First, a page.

by Linda Straker
- Honorary Consuls or Trade Consuls do not have same level of immunity as ambassadors
- Honorary Consuls conduct diplomacy free of cost to Government of Grenada
- Grenada is not violating any section of the Vienna Convention on Trade and Diplomacy
Foreign Affairs Minister, Peter David, has explained that Grenada as a small developing state is not engaging in any international misconduct when it appoints citizens to be honorary consuls or trade consuls to represent the island in places where there are no embassies.
Explaining that it’s difficult for the country to operate embassies throughout the world, David in an interview on Friday, said that there are two kinds of diplomat, and those who are appointed as Honorary Consul or Trade Consul do not have the same level of immunity as ambassadors.
“We will appoint someone as Honorary Consul where it does not cost anything to the Government of Grenada and what they do is conduct diplomacy free of cost to us, but in order to conduct that diplomacy they must have a diplomatic passport and some diplomatic position, but that does not guarantee immunity,” David said, pointing out that the Honorary Consul does not get immunity.
“So the issuance of diplomatic passports to honorary consuls, to trade consuls, to all of these persons has nothing to do with the Citizenship By Investment programme (CBI) and it has nothing to do with the government’s sale of anything. It is a matter of them conducting our diplomacy in a way that allows us access to as many countries in the world as possible.” The minister pointed out that a person who gained citizenship through the CBI can be considered for a diplomatic post. “That appointment is not on the base of the CBI programme but on the fact that the person is a citizen of this country and is willing to represent us,” he said, explaining that all persons who become a citizen through the various means available, can represent the country following the necessary due diligence.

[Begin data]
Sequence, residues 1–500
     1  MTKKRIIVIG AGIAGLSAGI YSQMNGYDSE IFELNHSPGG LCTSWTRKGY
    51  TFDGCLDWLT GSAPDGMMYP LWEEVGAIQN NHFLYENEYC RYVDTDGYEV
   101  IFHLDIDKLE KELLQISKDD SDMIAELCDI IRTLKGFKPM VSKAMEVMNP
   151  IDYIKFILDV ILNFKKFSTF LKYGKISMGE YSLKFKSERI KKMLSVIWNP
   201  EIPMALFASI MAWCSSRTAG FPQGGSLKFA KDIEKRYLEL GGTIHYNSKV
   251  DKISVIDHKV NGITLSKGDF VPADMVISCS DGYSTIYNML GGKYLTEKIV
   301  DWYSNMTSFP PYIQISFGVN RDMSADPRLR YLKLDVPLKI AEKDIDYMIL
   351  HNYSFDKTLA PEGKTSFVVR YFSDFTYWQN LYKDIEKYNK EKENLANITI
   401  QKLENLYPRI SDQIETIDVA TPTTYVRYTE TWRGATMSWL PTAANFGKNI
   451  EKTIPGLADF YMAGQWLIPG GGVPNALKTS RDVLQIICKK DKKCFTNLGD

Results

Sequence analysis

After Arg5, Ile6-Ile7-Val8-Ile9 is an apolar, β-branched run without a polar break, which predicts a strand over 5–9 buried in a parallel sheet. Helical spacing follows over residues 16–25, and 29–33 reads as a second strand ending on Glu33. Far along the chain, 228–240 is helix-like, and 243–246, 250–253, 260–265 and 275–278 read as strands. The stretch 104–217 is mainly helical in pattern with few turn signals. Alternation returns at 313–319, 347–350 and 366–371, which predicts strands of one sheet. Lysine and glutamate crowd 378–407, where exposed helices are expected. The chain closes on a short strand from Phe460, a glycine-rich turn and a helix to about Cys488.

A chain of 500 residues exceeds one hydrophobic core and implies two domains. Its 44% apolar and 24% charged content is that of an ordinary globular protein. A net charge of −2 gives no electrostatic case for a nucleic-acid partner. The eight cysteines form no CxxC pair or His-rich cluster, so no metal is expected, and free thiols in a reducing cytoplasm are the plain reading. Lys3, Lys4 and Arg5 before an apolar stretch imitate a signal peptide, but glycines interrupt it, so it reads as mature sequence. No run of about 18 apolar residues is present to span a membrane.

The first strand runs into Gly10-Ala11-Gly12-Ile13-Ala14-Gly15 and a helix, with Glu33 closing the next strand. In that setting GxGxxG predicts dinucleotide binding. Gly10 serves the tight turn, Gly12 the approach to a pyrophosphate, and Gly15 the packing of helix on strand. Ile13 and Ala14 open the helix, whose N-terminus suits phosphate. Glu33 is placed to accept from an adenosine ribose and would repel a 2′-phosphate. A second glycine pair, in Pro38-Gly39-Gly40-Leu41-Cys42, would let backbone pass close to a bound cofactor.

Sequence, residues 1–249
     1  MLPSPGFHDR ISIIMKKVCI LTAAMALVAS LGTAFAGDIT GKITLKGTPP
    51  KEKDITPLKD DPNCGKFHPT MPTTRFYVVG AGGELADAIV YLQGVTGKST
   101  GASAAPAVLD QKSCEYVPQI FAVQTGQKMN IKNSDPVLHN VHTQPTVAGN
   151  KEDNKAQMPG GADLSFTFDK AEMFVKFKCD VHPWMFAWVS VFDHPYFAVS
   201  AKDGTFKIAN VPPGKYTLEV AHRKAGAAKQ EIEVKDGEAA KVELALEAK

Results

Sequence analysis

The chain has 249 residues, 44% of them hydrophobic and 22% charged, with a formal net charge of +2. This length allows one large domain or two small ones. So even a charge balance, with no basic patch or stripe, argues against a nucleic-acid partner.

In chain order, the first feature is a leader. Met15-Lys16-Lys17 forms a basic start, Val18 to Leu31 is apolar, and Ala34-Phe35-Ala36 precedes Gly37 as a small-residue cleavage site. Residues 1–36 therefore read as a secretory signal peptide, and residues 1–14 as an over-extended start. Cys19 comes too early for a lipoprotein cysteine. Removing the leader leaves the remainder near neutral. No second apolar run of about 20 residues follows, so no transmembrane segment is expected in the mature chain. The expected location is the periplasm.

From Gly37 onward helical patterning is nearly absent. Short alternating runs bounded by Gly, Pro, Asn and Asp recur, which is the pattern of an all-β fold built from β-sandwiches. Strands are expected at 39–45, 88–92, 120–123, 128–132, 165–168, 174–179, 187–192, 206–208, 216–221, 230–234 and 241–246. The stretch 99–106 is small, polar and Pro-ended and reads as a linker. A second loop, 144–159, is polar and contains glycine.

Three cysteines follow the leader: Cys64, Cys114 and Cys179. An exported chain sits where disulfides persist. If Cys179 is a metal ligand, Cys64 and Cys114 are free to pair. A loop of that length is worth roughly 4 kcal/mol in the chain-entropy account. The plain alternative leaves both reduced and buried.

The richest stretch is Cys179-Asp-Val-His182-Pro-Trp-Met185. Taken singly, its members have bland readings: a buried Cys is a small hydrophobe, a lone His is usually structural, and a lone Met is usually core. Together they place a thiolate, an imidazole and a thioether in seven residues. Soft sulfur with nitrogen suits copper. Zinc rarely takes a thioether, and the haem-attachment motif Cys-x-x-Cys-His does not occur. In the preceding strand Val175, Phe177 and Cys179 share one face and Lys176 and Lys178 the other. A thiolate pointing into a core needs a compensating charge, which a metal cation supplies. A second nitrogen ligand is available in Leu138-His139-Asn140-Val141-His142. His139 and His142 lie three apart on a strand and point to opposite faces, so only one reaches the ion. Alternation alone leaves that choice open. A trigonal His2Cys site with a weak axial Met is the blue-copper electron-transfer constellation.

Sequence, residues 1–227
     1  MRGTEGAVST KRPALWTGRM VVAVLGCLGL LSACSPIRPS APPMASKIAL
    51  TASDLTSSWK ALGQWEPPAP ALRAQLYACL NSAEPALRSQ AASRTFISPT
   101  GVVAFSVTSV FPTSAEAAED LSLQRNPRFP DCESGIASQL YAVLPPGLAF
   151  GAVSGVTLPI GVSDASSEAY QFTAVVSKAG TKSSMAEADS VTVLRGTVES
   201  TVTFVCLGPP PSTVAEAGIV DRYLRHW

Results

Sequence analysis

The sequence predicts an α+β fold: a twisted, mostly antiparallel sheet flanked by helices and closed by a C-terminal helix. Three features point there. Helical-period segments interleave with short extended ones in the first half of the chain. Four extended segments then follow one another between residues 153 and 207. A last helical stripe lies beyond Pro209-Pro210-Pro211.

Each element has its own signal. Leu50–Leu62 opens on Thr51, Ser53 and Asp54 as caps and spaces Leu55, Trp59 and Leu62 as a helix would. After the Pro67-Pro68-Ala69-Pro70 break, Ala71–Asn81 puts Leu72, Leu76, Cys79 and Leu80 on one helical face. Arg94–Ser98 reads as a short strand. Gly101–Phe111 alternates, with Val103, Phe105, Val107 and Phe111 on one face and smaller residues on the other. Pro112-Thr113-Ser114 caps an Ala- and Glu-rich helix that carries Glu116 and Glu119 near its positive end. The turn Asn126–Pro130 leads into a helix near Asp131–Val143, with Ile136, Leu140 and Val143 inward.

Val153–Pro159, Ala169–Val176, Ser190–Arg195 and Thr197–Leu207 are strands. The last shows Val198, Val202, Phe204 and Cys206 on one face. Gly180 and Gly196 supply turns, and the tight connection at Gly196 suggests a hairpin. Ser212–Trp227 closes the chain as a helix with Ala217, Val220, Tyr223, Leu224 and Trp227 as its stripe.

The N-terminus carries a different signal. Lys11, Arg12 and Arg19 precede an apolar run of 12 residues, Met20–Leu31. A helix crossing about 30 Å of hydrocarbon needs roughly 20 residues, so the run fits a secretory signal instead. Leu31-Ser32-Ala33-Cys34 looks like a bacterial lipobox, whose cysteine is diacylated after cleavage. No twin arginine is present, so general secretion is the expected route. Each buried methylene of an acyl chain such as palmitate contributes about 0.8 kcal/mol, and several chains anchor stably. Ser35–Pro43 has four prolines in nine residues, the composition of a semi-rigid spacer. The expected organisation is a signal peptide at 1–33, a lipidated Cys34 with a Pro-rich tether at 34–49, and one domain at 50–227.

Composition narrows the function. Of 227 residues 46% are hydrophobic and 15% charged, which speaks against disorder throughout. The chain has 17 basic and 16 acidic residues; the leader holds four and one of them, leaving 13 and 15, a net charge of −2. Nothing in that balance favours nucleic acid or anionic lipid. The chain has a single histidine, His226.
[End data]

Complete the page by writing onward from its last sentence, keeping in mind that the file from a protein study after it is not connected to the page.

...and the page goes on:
A person can gain citizenship through the naturalisation process of up to second and third generations in accordance with the Immigration Act, or purchase it through the CBI programme. The CBI programme provides for an approved applicant to invest in real estate in a country or make the required contribution to the National Transformation Fund.
“So, we have representatives in these countries who are Grenadian citizens regardless of how they acquired the citizenship, but there is no link between CBI and diplomacy,” he said. Minister David is of the belief after research, that the country is not violating any section of the Vienna Convention on Trade and Diplomacy. “We do not believe that we are violating any Vienna convention. Our research does not suggest that the Vienna convention is violated.”
The Vienna Convention on Trade says that consular officers and consular employees have “functional immunity” but do not enjoy the broader “personal immunity” accorded to diplomats as provided for in the Vienna Convention on Diplomacy.
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